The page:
Cancer May 21, 2013 | 5 / 5 (3) | 0
A new computer model could help scientists predict when a particular strain of avian influenza might become infectious from bird to human, according to a report to be published in the International Journal Data Mining an ...
Diseases, Conditions, Syndromes May 20, 2013 | not rated yet | 0
Proteins (also known as polypeptides) are organic compounds made of amino acids arranged in a linear chain. The amino acids in a polymer chain are joined together by the peptide bonds between the carboxyl and amino groups of adjacent amino acid residues. The sequence of amino acids in a protein is defined by the sequence of a gene, which is encoded in the genetic code. In general, the genetic code specifies 20 standard amino acids, however in certain organisms the genetic code can include selenocysteine — and in certain archaea — pyrrolysine. Shortly after or even during synthesis, the residues in a protein are often chemically modified by post-translational modification, which alter the physical and chemical properties, folding, stability, activity, and ultimately, the function of the proteins. Proteins can also work together to achieve a particular function, and they often associate to form stable complexes.
Like other biological macromolecules such as polysaccharides and nucleic acids, proteins are essential parts of organisms and participate in virtually every process within cells. Many proteins are enzymes that catalyze biochemical reactions and are vital to metabolism. Proteins also have structural or mechanical functions, such as actin and myosin in muscle and the proteins in the cytoskeleton, which form a system of scaffolding that maintains cell shape. Other proteins are important in cell signaling, immune responses, cell adhesion, and the cell cycle. Proteins are also necessary in animals' diets, since animals cannot synthesize all the amino acids they need and must obtain essential amino acids from food. Through the process of digestion, animals break down ingested protein into free amino acids that are then used in metabolism.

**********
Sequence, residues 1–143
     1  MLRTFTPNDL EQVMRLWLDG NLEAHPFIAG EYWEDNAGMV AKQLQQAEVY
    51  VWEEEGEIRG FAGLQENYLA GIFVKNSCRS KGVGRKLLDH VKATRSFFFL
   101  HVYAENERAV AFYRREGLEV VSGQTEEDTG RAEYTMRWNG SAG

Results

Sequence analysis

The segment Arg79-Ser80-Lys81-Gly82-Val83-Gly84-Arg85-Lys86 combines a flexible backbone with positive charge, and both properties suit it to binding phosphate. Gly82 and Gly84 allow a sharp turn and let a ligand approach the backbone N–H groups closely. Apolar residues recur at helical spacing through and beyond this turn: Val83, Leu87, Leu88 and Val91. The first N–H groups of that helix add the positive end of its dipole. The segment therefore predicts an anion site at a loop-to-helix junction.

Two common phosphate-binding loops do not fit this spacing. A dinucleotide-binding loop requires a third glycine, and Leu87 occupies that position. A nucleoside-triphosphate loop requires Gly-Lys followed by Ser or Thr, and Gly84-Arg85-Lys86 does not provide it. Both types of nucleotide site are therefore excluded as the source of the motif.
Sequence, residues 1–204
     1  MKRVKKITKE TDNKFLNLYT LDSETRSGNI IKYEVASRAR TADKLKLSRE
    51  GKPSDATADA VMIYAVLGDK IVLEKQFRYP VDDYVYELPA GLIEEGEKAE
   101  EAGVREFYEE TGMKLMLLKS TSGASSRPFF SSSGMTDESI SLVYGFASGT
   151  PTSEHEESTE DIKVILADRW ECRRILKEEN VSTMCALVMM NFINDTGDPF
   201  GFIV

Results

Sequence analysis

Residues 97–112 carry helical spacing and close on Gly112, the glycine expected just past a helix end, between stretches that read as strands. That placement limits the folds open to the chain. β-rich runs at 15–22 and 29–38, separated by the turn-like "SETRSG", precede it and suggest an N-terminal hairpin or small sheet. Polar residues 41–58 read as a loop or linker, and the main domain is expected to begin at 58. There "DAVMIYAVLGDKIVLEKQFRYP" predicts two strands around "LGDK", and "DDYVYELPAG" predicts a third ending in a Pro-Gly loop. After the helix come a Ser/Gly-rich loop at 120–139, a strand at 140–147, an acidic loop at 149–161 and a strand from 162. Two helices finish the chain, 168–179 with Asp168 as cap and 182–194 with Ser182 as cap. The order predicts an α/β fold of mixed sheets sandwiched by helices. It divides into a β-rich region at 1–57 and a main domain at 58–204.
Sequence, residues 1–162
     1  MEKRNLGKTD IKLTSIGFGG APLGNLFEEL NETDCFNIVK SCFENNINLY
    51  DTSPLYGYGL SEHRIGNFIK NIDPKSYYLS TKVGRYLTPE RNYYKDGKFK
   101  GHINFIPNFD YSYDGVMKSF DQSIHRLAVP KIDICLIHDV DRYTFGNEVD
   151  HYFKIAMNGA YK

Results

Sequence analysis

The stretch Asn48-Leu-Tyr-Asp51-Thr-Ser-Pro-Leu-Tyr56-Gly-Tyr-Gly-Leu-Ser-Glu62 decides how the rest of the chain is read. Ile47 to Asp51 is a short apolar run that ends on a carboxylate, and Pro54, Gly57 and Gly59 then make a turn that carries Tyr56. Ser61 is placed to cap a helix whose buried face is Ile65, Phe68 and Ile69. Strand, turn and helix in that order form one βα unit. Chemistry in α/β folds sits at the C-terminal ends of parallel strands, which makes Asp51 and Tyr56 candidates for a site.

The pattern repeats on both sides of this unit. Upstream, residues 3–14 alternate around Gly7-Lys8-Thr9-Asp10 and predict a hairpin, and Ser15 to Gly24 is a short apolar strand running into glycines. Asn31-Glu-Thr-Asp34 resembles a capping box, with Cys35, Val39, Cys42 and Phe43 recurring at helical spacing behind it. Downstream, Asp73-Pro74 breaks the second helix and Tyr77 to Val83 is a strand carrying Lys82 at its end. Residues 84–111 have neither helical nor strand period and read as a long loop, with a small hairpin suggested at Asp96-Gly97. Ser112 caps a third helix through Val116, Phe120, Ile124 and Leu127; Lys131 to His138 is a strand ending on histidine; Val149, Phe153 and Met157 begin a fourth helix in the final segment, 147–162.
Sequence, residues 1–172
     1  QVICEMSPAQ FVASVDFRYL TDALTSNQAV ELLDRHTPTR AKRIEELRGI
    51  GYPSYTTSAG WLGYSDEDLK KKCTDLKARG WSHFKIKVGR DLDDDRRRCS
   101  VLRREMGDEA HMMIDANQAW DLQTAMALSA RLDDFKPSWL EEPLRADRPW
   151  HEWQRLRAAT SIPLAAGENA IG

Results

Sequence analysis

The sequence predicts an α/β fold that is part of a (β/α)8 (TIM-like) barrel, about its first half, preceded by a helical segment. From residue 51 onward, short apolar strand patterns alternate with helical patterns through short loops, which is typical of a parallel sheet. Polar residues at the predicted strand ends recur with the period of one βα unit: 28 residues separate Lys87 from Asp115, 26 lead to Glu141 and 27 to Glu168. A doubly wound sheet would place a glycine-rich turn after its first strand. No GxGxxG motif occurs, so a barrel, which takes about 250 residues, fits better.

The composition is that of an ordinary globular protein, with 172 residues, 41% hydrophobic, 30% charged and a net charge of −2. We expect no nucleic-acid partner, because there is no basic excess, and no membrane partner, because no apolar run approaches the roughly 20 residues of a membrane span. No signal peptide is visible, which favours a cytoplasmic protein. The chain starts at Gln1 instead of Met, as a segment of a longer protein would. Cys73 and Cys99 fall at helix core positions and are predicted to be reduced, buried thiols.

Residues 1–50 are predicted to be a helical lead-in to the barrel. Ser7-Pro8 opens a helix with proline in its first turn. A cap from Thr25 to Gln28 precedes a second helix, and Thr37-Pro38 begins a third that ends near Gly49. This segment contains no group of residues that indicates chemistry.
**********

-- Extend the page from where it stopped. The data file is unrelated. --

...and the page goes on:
Proteins were first described and named by the Swedish chemist Jöns Jakob Berzelius in 1838. However, the central role of proteins in living organisms was not fully appreciated until 1926, when James B. Sumner showed that the enzyme urease was a protein. The first protein to be sequenced was insulin, by Frederick Sanger, who won the Nobel Prize for this achievement in 1958. The first protein structures to be solved were hemoglobin and myoglobin, by Max Perutz and Sir John Cowdery Kendrew, respectively, in 1958. The three-dimensional structures of both proteins were first determined by x-ray diffraction analysis; Perutz and Kendrew shared the 1962 Nobel Prize in Chemistry for these discoveries. Proteins may be purified from other cellular components using a variety of techniques such as ultracentrifugation, precipitation, electrophoresis, and chromatography; the advent of genetic engineering has made possible a number of methods to facilitate purification. Methods commonly used to study protein structure and function include immunohistochemistry, site-directed mutagenesis, and mass spectrometry.